#39 Image Guidance in Radiation Therapy: Techniques, Accuracy, and Limitations, 2018 Summer School Price Reduced!Author: Parham Alaei, George Ding
Published: July 2018 | 406 pp | Hardcover
Price: $ 96.00 List Price
PrePublication Special: Your order will not be billed or shipped until July 23rd.Sample Chapter 1 [pdf format]
Image-guided radiation therapy (IGRT) has been used since the inception of radiation treatment, but its usage became routine with the development of gantry-mounted cone-beam CT systems in the early 21st century. IGRT is now the norm in the clinics equipped with modern radiation therapy delivery systems. All patients undergoing radiation therapy benefit from this widely available technology, as it enables more accurate delivery of radiation to the intended targets.
The 2018 summer school and this book cover all the important aspects of current IGRT techniques used in clinics, as well as some emerging technologies that may become available in the future. Since IGRT is a confluence of radiation therapy and imaging physics, many of the topics covered here focus on the application of imaging physics in therapy. Although the majority of image-guidance devices use ionizing radiation, the imaging modalities that use non-ionizing radiation are also included here.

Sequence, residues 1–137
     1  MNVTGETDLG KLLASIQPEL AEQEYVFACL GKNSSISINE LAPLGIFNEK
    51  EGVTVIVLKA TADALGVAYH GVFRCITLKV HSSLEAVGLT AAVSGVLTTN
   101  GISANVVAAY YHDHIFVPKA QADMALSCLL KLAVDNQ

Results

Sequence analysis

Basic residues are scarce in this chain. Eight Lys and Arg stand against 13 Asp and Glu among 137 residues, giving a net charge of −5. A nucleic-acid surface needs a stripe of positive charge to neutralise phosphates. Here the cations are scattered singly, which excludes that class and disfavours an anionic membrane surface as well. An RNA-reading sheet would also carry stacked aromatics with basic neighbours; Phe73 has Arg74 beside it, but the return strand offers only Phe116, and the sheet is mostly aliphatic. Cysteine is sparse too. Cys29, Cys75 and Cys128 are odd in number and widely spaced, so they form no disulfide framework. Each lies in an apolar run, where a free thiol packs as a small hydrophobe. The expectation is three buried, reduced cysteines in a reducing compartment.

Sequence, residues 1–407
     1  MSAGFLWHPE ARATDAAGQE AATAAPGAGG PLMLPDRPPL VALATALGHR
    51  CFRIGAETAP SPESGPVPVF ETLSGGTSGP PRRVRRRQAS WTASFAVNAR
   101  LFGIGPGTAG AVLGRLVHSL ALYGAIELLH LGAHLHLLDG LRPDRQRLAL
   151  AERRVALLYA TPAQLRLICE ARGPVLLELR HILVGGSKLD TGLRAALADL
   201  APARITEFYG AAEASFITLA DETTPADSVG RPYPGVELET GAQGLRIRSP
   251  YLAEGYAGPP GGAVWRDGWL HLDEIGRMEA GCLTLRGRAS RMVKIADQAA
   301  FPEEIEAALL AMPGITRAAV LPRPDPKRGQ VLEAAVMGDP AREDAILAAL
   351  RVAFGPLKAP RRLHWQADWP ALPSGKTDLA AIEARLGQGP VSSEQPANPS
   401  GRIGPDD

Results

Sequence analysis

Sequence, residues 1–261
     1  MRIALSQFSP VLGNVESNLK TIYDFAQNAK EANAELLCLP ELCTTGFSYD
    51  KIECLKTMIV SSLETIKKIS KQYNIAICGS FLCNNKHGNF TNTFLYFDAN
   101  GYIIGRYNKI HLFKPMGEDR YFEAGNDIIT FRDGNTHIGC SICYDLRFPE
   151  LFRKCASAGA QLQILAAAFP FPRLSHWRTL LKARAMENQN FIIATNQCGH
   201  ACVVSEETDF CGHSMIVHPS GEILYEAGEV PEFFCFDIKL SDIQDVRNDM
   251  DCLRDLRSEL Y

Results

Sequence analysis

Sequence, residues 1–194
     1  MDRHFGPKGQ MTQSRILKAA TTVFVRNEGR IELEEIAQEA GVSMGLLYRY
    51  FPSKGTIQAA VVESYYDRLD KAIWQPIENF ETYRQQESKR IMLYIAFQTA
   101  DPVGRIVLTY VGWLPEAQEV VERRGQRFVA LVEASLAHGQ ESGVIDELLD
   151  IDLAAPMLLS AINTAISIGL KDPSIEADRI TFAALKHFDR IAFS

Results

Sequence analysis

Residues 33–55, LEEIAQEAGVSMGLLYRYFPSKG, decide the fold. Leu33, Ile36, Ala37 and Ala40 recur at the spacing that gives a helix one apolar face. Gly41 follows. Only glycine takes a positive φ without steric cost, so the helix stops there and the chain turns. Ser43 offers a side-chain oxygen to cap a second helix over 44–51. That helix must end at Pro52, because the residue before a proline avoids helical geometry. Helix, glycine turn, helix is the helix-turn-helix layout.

This book provides an overview of the state-of-the-art image-guidance techniques employed in radiotherapy, and it provides necessary information to medical physicists who would like to know about current image guidance techniques and modalities.
This book is also available as an eBook, ISBN #9781936366637
About the Editors
Parham Alaei is a Professor and the Director of Medical Physics at the Department of Radiation Oncology at the University of Minnesota. He has practiced and taught medical physics for over 20 years and has served on many AAPM committees. His recent research interest has been on image guidance in radiation therapy, including quantification of its dose, with a focus on kilovoltage imaging.
George Ding is a Professor of Radiation Oncology at Vanderbilt University. A professed nature lover, he feels very fortunate to have learned from the scientists on the cutting edge of research while doing his Ph.D. He helped develop the Monte Carlo user code, BEAM, at the National Research Council of Canada. His main research interests include dosimetry in radiotherapy and imaging dose to patients from imaging guidance procedures.